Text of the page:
The Rut Kicks in as Hunting Season Reaches Final Weeks

By DILLON TABISH for the Flathead Beacon

With the rut in full swing, the annual big game hunting season is counting down in Montana.

The last day to hunt deer and elk is Nov. 30.

The action noticeably picked up in the last week, likely due to the arrival of the rut, when deer begin mating and become less cautious in the outdoors, giving hunters a better chance at harvesting a nice buck.

In the past week, hunters in Northwest Montana harvested 169 white-tailed deer, 34 mule deer and 10 elk, according to Montana Fish, Wildlife and Parks check stations.

So far, the deer and elk harvest are about the same as last year, according to check station results from around Region One.

Deer. Photo via shutterstock

At the six check stations, a total of 11,233 hunters have checked 597 white-tailed deer — including 511 bucks — and 108 mule deer and 38 elk as of Nov. 17.

That equals a 6.6 percent rate of hunters with game, compared to this time last year when 6.2 percent of hunters reported success.

Hunter numbers continue to be down slightly, with roughly 600 fewer so far this year, according to FWP.

The counts at the check stations represent a sampling of the harvest and do not represent the complete number of animals taken.

Hunters have taken 19 wolves in this corner of the state. Statewide, hunters have taken 68 wolves. The wolf take is behind last year at this same point in the season.

The wolf management unit near Glacier National Park, which is regulated with a quota of two wolves, has not seen any reported kills yet.

The general rifle season for wolves is open through March 15. The trapping season opens Dec. 15 and closes Feb. 28.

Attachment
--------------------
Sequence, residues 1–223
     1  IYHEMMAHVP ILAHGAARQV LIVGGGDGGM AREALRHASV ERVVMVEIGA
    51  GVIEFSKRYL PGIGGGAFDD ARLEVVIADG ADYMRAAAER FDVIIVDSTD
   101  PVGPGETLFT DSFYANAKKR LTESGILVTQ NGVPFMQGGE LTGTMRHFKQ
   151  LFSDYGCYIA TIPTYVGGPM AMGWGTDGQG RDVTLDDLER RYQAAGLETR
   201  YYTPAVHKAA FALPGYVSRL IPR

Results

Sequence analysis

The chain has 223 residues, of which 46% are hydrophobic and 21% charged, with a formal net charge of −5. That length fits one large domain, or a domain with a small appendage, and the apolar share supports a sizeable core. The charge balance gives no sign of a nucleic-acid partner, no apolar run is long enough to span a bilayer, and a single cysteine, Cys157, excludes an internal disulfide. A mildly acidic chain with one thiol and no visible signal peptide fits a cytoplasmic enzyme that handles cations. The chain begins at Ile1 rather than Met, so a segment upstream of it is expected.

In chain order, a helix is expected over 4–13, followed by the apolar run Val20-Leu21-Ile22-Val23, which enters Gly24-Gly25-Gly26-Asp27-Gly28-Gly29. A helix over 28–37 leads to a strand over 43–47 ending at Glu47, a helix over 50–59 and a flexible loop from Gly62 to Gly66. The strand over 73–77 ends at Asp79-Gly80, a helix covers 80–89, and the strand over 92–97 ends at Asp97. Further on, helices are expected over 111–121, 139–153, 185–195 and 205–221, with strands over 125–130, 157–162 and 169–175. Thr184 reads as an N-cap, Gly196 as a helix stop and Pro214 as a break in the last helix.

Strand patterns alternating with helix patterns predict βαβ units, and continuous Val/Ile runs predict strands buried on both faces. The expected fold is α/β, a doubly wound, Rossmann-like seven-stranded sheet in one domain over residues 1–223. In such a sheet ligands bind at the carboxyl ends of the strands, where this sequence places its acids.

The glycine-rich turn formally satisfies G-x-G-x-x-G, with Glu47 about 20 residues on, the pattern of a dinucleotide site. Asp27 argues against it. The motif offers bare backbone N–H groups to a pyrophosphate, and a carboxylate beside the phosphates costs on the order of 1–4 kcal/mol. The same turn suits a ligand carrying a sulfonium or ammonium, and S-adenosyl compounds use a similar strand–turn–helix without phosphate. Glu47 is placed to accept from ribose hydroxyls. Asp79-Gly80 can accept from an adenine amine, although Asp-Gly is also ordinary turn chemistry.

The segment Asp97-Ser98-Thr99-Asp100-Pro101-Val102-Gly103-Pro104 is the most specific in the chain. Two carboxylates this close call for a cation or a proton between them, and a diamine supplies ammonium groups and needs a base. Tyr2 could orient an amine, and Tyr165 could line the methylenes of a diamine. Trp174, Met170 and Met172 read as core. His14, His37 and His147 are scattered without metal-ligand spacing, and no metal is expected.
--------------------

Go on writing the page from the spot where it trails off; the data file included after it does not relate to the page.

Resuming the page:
Deer and elk hunters have had the best luck in the Olney area, where 9.9 percent of people have reported harvesting big game. The U.S. Highway 2 area is the second most productive spot locally, with 7.5 percent of hunters reporting game. The vast majority have been white-tailed deer — 264 have been harvested in the area, the most in Northwest Montana.

Hunters up the North Fork continue to struggle, and only 2.5 percent of people have reported harvesting an animal. The Swan region has seen the second lowest success rate – 4.6 percent.

“The cold and the rut should give an advantage to hunters over the next two weeks,” FWP Region One Supervisor Jim Williams said.

Hunters are reminded that it is buck-only for whitetails in Northwest Montana. Antlerless whitetails remain legal game for youth 12-15 years of age, and some qualifying 11 year olds. Mule deer are buck-only for the entire season. Elk are brow-tine bull only. Spike bull elk are not legal game for any hunter in Region One.

Hunters should refer to the hunting regulations for the hunting district they plan to hunt.

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